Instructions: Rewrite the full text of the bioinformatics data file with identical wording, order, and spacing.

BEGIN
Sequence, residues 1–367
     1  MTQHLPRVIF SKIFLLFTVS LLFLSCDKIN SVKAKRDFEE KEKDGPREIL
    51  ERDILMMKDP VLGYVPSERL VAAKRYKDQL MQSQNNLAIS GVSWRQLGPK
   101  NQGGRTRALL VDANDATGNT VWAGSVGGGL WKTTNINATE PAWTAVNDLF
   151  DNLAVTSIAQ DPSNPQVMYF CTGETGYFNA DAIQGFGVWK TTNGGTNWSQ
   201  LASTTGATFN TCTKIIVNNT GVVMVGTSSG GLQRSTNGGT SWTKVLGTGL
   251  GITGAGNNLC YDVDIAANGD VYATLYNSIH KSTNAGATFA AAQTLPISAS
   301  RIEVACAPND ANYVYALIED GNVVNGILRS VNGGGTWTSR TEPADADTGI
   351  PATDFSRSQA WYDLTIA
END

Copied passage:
Sequence, residues 1–367
     1  MTQHLPRVIF SKIFLLFTVS LLFLSCDKIN SVKAKRDFEE KEKDGPREIL
    51  ERDILMMKDP VLGYVPSERL VAAKRYKDQL MQSQNNLAIS GVSWRQLGPK
   101  NQGGRTRALL VDANDATGNT VWAGSVGGGL WKTTNINATE PAWTAVNDLF
   151  DNLAVTSIAQ DPSNPQVMYF CTGETGYFNA DAIQGFGVWK TTNGGTNWSQ
   201  LASTTGATFN TCTKIIVNNT GVVMVGTSSG GLQRSTNGGT SWTKVLGTGL
   251  GITGAGNNLC YDVDIAANGD VYATLYNSIH KSTNAGATFA AAQTLPISAS
   301  RIEVACAPND ANYVYALIED GNVVNGILRS VNGGGTWTSR TEPADADTGI
   351  PATDFSRSQA WYDLTIA